Are Your Book Bonuses on Target (for your reader)?

Bonuses are yummy! Last weekend I was at a 3-day live event where one presenter made a $197 offer to attend another event later in the summer and the bonuses was a course valued at $2K. Score!

I felt like I was getting a STEAL for my $200. Yummy.

And as an online business owner, I’ve been trained to make sure I’m including the “sweetener” of a bonus.

Yes, bonuses matter to me! That little extra that makes you REALLY feel like you’re getting a huge bang for your buck. The thought is that you’ll come for the meat of the topic (main offering) but stay for the potatoes, salad, and dessert (bonuses).

After all, when you buy a program for $997 and ALSO receive $2,000 worth of related bonuses, you really feel like you got a lot of bang for your buck, right? The thought is that you’ll come for the meat of the topic (main offering) but stay for the potatoes, salad, and dessert (bonuses).

Books are the same, right?


The same rule of bonuses just doesn’t hold true for launching your book, though. That “extra” that you’re offering as a bonus with your book can backfire in a big, big way.

I client asked my opinion on adding additional content into her book. She’s in health coaching so she wanted to go beyond the recipes to include additional chapters with resources, tips, and a “plan” to follow.

I suggested against it.

In fact, I MOSTLY suggest against adding a ton of bonuses to the book. Read on.

In the book world, this “add in a ton of “value” with bonuses” approach often backfires.

Your reader purchased your book for a very specific reason; they were looking for a very specific solution. Offering them more than what they came for usually doesn’t scream “BONUS INFO! This author really knows her stuff!”

It says:

“This author couldn’t figure out how to stay on topic!”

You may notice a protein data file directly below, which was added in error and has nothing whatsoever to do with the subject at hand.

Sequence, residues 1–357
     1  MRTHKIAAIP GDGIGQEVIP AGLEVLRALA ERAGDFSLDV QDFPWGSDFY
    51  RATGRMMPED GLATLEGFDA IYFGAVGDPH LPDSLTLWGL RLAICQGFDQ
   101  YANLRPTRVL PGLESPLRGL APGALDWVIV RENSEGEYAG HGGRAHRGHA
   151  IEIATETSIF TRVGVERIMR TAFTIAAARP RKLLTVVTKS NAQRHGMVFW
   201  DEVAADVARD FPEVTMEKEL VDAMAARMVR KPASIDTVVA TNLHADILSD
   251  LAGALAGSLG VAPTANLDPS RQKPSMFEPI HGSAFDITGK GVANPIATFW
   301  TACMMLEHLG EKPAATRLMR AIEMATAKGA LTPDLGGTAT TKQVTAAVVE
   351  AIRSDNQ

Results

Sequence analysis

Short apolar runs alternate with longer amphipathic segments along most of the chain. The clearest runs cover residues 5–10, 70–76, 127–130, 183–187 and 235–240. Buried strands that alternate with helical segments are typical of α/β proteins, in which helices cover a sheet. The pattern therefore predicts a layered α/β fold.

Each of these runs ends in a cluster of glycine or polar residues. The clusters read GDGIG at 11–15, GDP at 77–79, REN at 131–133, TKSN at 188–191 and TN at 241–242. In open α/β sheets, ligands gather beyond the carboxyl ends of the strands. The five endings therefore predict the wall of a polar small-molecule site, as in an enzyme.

I’ve seen it in a lot of independently self-published titles, both in fiction and non-fiction. Here are some examples:

Fiction Example:
I buy a Kindle version of a novel. Upon “finishing” the book, the progress bar that tells me how much of the book you have left to read is reporting 20%. That last 20% of the book are excerpts from the author’s other novels.

Now, at first glance, that seems like good marketing, right? I just finished this novel, presumably liked it since I got to the end, and I get a taste of more stories. But think about the math: I paid $4.00 for the book. But 20% of the “book” wasn’t a book. It was just advertisements placed there by the author.

I really spent $3.00 for the book and gave the author $1.00 for the PRIVILEGE of selling to me. I think I might be a bit annoyed.

Non-Fiction Example:
I purchase a book on how to use a trade show event to attract new clients to my business. I’m expecting a book that will have tips, tricks, techniques, sales tools, etc. all revolving around a trade show.

I get one chapter about finding the right trade show, one chapter about setting up the booth, one (short) chapter about a free giveaway to build my newsletter list. Then, I get six chapters about how to email that list, how often, what to say, etc. and a call to action to buy the author’s email newsletter building program.

Again, it seems like good marketing, right? I’m learning how the author is an expert in list building.

Here’s the rub, I really spent my $6.00 on a book about TRADE SHOWS! I got three chapters about tradeshows and six about email newsletter lists. I’m feeling flat-out ripped off!

So how can an author fix this problem?

1. Deliver what you’ve promised
If I’m expecting a novel, give me a story. If I want a non-fiction book, especially a how-to, solve that problem for me.

2. Only offer related “bonuses”
One of my cookbooks offers 33 recipes and four tips on camp cooking, each under a page long. It works out to approximately 36 pages of recipe content to 4 pages of “bonus”. Or, another way of looking at it is 90% content they paid for (recipes) and 10% bonus (tips).

3. Point them at a second (or third) book!
Break your content into targeted chunks. Then make each chunk its own book. At the end of each book, give links to the others.

4. Direct them to your website for additional materials
Don’t make them search for it either! It’s fine if you want to have them opt-in, but then give them the bonus materials as a direct download. This is what I do with the bonus for the Geocaching GPS anthologies; you can get the “bonus” of the geocaching newsletter – just go to the website to subscribe!

You’ve been trained through all the “how to sell online” programs that offering bonuses is the key to getting more sales. But in books, the price point of purchase is so low that only the most targeted of bonuses really impact sales.

Publishing a book – and launching it to the world – is fraught with seemingly innocent mistakes. Mistakes that can be very costly to your wallet and to your credibility. I want to help you get your message out there in the easiest, most streamlined way possible.

Kim Galloway
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